The disqualification related to Mr Fraser's involvement in Progressive Leisure, a company that owned the Midland Grand Hotel in Blackpool, which was wound up in 1995 owing £117,000. He ran Progressive with Jared Brook, who was also later involved in the running of Imperial Consolidated and was banned from being a director at the same time as Mr Fraser.
Imperial's New Zealand principal, Mr Gilbert, and the solicitor's firm of Michael John Harvey of Luton, England, which was representing Imperial Consolidated on the scheme at that time, apparently signed other documents.
Coincidentally, on the day of the New Zealand judgment, the Law Society intervened against solicitor Michael John Harvey, taking over his firm. The intervention is not related to the Imperial Consolidated New Zealand controversy, and Mr Harvey may face a disciplinary tribunal in due course. He appeared before a previous Law Society tribunal in Sep- tember 2000. On that occasion he was fined £4,000 and ordered to pay £881 in costs for breaches of solicitors' accounts rules.
A spokesman for Imperial Consolidated said the company "has not had dealings with Mr Harvey for a number of years and was therefore totally unaware of this development".
Founded in 1994, Imperial Consolidated is a UK-based financial group with subsidiaries in 11 countries, mostly offshore. Its headquarters are at the former RAF Binbrook base near Market Rasen in Lincolnshire. It started as a debt-collecting agency and in Britain was employing 340 people, although some 100 were laid off last year after a series of legal cases hit the loan side of the business. The group says it has 28,000 UK clients for its various investment schemes.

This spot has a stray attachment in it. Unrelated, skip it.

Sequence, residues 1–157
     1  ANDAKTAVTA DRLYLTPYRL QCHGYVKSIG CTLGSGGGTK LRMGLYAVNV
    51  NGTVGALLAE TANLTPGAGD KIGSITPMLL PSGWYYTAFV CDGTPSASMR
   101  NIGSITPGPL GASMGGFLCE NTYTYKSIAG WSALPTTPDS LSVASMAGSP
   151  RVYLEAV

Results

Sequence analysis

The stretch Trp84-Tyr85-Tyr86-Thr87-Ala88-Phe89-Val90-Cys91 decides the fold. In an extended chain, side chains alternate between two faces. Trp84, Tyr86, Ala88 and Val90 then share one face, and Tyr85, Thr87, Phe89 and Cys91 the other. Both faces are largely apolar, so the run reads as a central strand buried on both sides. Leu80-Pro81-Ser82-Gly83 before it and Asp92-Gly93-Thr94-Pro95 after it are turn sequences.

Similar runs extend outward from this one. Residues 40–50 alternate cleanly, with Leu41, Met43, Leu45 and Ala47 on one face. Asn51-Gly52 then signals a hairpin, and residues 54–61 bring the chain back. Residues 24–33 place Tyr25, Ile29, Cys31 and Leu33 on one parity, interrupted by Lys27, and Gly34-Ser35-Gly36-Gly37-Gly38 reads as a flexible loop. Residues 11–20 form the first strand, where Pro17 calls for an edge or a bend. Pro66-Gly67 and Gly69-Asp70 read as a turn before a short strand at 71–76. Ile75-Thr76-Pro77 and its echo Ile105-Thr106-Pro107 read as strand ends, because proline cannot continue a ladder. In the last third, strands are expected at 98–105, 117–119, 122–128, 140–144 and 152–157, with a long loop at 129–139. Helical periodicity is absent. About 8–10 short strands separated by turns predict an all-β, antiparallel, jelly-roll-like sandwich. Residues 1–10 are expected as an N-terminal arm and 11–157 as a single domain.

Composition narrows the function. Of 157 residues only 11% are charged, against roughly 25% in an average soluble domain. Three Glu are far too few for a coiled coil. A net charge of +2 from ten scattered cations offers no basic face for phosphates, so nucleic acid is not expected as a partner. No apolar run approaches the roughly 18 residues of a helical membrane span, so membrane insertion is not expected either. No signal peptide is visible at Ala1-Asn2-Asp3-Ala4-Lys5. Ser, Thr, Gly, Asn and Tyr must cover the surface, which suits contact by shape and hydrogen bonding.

In light of the long series of embarrassing problems, Imperial Consolidated appears to be undergoing a major rebranding and restructuring. Following earlier difficulties, a shake-up of the Imperial Consolidated parent company board took place in April 2001. But in the next eight months, Companies House records show that all those directors resigned. Two incoming directors are in charge of the company: the debarred Lincoln Fraser's brother, Nicholas Grant Fraser, 28; and Masao Imadzu, 51. Mr Godley has resigned from the main board but Mr Gilbert, severely criticised by Judge Young, is still in charge of the New Zealand operation. The firm of which he is director changed its name from Imperial Consolidated (New Zealand) Ltd to Alpha Equities Asia-Pacific (NZ) Ltd on 29 November 2001.
The Imperial Consolidated spokesman said the company was not made aware of the stage the litigation had reached by its legal representatives in New Zealand. "At no stage did our legal team seek the attendance of an Imperial Consolidated representative at the court, even though that person would have been in the position to provide detailed information to answer every single concern that is raised in this judgment.
"We believe that this lack of information, caused through no fault of our own, severely hampered our case and allowed the judge to reach regrettable conclusions. We are particularly disappointed with our legal representation and are considering our position with regard to future litigation. We are also considering our legal position with regard to an appeal."Reuse content